Friday, January 16, 2009

Stop the pain

Small changes can make big fixes ...

"Whoever thought just sitting in a chair could be bad for you?

But all that time we spend hunched over a computer at work all day can cause a lot of problems.

“If you sit improperly, you can change the primary curves in the back,” said Dr. Raymond Bailey of Albany’s Bailey Chiropractic Center.

“The spine is like a frame of a house,” Bailey said. “If it’s crooked, the house — which is your body — would be crooked.”

That can cause some damage.

“It causes what we call a crick in your neck,” Bailey said.

And the effects don’t stop there.

“It can cause back of the head headaches,” Bailey said.

If the problem isn’t corrected, those headaches can get worse — even to the point of migraines.

“They really become chronic,” Bailey said.

As if that’s not enough, prolonged or improper sitting can affect the legs, too.

“It can cause circulating problems,” Bailey said, “like varicose veins.”

Some 30-50 percent of Bailey’s patients come in with problems caused by sitting too long or improperly at work.

“I think it’s prominent,” Bailey said.

Dr. Troy Alderman of Southwest Georgia Medical Center agreed, saying he also sees his share of problems connected to improper posture at work.

“We treat patients daily,” he said.

These afflictions have several causes — all of which can be remedied very easily with “simple changes at work,” Alderman said. “Proper ergonomics can reduce stress on the back muscles and spine.”

According to Bailey, one of those changes is pretty easy.

“Take some frequent posture breaks,” he said, offering every 1 1/2 hours as a good time frame between breaks.

But Alderman believes stopping more often is beneficial.

“Try not to sit for 20 minutes without moving,” he said. “Change positions, stand or do light stretches.”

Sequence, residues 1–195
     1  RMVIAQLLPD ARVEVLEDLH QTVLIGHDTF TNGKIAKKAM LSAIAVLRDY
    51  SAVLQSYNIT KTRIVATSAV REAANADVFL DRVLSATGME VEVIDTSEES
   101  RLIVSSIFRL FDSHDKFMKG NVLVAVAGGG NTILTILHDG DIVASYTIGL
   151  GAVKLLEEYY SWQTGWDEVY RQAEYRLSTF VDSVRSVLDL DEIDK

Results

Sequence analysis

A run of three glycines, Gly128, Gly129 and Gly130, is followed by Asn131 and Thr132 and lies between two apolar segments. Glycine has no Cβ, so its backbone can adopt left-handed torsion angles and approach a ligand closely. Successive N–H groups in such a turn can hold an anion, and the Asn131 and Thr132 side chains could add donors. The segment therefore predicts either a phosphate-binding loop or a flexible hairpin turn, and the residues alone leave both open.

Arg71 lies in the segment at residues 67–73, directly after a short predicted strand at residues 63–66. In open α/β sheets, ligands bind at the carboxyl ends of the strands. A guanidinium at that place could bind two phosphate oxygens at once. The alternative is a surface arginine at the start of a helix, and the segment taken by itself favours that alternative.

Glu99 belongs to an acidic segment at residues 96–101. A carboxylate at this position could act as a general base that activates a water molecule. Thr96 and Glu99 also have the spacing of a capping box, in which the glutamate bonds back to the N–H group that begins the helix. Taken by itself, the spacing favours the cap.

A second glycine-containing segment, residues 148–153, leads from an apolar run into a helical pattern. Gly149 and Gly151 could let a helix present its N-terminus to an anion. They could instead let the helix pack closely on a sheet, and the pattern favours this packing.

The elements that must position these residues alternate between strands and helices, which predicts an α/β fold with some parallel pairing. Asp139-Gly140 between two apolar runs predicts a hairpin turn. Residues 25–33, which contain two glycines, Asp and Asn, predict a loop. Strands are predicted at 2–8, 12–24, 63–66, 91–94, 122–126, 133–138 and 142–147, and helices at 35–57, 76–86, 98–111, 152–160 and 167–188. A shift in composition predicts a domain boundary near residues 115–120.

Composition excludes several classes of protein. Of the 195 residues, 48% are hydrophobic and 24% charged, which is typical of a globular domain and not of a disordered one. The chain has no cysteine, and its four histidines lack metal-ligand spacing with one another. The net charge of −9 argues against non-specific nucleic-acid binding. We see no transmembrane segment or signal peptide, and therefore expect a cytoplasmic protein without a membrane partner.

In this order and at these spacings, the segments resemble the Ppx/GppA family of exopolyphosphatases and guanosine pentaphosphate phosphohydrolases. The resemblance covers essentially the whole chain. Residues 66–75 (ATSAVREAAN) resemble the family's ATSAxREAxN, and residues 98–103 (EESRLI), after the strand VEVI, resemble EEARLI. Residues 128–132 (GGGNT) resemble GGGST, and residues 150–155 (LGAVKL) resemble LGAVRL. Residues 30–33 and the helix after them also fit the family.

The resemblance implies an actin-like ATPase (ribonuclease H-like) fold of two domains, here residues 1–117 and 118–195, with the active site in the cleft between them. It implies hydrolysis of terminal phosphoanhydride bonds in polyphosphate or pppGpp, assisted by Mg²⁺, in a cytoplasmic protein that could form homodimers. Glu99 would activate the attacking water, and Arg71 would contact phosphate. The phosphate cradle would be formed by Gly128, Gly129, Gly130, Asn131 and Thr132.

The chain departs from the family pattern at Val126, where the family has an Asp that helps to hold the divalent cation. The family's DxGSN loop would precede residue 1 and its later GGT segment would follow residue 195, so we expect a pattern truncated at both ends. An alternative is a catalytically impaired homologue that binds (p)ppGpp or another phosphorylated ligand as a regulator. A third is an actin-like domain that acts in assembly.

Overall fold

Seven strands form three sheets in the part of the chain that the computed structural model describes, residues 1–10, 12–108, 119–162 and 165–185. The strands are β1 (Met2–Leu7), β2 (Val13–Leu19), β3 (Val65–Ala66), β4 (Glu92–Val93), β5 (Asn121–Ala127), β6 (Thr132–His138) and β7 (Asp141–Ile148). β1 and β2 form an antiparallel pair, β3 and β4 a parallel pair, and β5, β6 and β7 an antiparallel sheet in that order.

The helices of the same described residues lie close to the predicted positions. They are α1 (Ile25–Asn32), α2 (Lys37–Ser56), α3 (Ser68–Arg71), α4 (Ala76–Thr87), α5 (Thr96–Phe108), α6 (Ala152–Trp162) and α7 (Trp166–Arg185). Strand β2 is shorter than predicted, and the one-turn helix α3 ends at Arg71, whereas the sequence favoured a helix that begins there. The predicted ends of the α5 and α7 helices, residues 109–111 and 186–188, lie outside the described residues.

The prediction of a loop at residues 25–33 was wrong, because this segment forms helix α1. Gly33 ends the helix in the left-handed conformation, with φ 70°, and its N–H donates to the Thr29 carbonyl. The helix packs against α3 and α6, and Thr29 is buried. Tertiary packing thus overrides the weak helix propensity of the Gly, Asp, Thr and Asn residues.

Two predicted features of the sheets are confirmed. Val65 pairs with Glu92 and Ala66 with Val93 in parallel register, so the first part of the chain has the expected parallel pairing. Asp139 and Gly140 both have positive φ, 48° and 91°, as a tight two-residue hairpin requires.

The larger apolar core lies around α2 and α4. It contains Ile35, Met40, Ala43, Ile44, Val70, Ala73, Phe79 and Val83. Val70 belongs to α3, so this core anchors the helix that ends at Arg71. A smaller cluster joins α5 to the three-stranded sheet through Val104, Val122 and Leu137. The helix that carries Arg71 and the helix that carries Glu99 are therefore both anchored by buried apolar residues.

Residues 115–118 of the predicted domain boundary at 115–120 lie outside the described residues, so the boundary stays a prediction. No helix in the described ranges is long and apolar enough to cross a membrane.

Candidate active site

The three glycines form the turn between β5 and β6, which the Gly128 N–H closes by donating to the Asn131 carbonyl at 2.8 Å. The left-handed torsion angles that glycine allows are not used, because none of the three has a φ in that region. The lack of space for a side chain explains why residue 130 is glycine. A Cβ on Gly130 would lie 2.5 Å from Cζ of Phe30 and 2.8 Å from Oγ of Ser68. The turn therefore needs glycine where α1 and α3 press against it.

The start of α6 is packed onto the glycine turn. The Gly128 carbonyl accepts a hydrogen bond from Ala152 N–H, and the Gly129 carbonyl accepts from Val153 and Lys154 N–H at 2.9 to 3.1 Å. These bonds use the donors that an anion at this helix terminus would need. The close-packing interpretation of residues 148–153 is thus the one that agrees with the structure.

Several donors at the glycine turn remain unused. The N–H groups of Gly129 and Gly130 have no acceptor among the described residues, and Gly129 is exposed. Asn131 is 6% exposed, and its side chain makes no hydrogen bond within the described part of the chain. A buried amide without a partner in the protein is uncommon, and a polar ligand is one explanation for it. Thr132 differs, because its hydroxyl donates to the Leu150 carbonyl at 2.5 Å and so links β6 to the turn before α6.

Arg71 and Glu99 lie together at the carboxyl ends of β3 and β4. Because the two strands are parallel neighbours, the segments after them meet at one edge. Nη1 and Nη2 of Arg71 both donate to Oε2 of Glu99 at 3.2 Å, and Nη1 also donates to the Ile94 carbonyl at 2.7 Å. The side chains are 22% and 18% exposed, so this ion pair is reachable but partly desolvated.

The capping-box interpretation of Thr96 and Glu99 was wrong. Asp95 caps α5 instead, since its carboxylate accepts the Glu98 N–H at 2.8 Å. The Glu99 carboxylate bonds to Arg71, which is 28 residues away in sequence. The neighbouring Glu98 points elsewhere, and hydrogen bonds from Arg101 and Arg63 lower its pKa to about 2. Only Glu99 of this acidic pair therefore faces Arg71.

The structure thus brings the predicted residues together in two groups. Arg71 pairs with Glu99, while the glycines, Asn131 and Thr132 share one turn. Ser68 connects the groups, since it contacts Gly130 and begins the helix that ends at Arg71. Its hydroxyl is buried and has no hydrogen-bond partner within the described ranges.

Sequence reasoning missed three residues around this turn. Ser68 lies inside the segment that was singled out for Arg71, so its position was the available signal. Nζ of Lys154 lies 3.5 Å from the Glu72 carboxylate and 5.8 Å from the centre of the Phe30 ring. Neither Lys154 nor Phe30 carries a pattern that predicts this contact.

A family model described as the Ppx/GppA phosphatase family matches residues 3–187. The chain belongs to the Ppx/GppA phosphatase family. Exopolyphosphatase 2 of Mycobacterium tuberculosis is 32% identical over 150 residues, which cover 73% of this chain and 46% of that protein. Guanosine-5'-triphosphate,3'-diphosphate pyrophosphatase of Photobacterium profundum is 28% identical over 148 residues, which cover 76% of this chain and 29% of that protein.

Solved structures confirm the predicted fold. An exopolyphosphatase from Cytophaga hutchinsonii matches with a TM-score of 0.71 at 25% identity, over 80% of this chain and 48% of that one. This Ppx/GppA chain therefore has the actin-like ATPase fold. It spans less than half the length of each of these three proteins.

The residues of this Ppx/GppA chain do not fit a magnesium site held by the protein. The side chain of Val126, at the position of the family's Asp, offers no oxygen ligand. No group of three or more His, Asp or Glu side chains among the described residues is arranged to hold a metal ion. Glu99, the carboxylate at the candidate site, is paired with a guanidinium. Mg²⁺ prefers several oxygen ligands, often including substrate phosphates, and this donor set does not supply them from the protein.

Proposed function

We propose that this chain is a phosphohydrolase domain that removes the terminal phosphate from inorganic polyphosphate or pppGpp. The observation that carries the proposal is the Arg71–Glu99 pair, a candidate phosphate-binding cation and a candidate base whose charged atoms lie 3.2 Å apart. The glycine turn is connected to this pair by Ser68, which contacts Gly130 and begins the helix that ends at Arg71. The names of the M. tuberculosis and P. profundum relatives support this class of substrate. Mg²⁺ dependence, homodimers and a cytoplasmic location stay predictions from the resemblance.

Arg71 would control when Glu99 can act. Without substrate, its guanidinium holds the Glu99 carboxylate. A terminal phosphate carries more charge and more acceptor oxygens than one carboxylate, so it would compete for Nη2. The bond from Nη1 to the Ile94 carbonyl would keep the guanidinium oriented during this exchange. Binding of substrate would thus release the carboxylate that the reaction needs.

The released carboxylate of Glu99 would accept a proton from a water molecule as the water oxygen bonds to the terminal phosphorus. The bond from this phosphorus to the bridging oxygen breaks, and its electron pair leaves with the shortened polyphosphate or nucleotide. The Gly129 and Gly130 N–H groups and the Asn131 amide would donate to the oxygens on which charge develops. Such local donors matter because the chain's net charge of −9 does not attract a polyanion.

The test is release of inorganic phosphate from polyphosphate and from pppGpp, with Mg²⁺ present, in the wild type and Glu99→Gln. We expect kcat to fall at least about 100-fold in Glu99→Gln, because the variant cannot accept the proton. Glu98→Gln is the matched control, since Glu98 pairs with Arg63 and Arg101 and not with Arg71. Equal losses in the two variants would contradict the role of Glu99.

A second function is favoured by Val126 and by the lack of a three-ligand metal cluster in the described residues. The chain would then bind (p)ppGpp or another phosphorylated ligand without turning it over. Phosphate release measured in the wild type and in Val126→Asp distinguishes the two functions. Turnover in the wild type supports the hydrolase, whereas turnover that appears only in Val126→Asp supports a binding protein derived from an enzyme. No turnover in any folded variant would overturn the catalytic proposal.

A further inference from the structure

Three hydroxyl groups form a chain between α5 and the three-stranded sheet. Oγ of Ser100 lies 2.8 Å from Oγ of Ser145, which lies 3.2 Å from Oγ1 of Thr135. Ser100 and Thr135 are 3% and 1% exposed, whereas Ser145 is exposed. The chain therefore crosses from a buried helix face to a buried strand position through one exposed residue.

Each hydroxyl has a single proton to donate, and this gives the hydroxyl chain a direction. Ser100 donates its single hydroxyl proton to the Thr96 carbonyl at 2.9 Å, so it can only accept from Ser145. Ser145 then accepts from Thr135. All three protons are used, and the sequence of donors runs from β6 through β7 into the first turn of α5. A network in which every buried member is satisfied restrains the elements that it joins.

Bailey offered one such stretch that doesn’t require you to leave your seat.

“Put your hands behind your neck and lean back into your hands,” he said. “That helps strengthen the muscles in your neck.”

Other suggestions Bailey offered include rotating your head in a clockwise motion, alternately pulling each elbow across the chest or alternately putting each elbow behind the head and gently pulling the elbow behind the back until you feel a stretch.

An important change to the state of your neck and back health rests in where and and how you sit.

“Look at how you’re sitting in your chair,” Alderman said.

He pointed out that the armrests should be positioned so that your elbows are positioned at a 90-degree angle and your wrists are able to rest on the computer’s keyboard.

“Stand to the side and look at the angle of your elbow,” Alderman said.

If the elbow doesn’t sit at the right level, it’s easy to fix.

“You can adjust the armrests on your chair,” Alderman said.

While you’re in adjusting mode, go ahead and move the seat of your chair to make sure your computer screen is at eye level.

Not sure what that level exactly is?

“Close your eyes, then open them and gaze at your computer screen,” Alderman said. “Your eyes should be aimed at the center of the screen.”

“The screen should be a 20-degree angle down from your eye,” Bailey added, explaining that you should never have to look up to see your computer screen.

If that’s not the case, simply adjust the height of either your chair or your computer screen until your eyes do meet the center of your computer screen.

Just by establishing a comfortable eye level when working at your computer, you can reduce or eliminate neck strains and any subsequent problems they may create.

But adjusting your eye level is just one way to prevent back problems. Another is simply sitting correctly in your chair.

“Make sure your bottom is pressed up against the back of the chair,” Alderman said.

He explained that doing so will help create an arch in your spine, which is what you want.

“The back has a normal curve,” Alderman said, explaining that the sitting with your back against your chair will give it the support it needs. “It puts you in proper ergonomics.”

If you can’t seem to kick the habit of slumping or slouching at your chair, Bailey suggested putting a small pillow between your lower back and your chair.

“It will give you some cushion,” he said, “and it tends to make you aware of proper posture.”

That 90-degree angle that Alderman mentioned earlier is also useful when considering your lower torso, as you should also keep your legs positioned so your calves and thighs rest at 90 degrees from each other. Doing so prevents or reduces strain on the limbs.

“That just takes away stress,” Alderman said."    (Continued via    [Ergonomics Resources]

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